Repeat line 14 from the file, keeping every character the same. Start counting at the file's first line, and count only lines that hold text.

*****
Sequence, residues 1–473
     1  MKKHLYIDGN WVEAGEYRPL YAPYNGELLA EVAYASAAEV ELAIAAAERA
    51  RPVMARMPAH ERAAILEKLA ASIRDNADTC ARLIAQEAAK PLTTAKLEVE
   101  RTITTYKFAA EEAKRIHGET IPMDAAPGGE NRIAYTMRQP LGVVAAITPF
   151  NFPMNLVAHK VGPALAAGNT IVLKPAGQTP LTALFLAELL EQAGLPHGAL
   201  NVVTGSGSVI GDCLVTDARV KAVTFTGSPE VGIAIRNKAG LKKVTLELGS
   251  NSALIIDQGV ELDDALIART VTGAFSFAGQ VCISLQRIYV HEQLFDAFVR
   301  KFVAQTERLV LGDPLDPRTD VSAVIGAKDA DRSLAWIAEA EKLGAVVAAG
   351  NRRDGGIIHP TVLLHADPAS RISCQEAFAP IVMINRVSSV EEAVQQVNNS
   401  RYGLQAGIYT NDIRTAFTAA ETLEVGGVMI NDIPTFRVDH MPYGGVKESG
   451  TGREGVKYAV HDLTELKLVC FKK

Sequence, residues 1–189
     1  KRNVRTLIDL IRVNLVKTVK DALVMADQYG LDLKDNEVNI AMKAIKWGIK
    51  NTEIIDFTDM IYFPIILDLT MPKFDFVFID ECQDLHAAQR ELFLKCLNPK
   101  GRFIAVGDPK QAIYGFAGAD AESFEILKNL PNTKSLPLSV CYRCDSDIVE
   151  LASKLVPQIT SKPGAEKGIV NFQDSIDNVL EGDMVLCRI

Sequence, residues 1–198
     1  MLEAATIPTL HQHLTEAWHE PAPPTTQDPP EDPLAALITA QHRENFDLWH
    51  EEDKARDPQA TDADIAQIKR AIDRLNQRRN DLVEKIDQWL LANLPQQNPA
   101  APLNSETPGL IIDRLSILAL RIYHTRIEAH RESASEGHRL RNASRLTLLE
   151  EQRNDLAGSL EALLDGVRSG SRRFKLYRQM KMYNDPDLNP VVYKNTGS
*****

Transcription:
    51  NTEIIDFTDM IYFPIILDLT MPKFDFVFID ECQDLHAAQR ELFLKCLNPK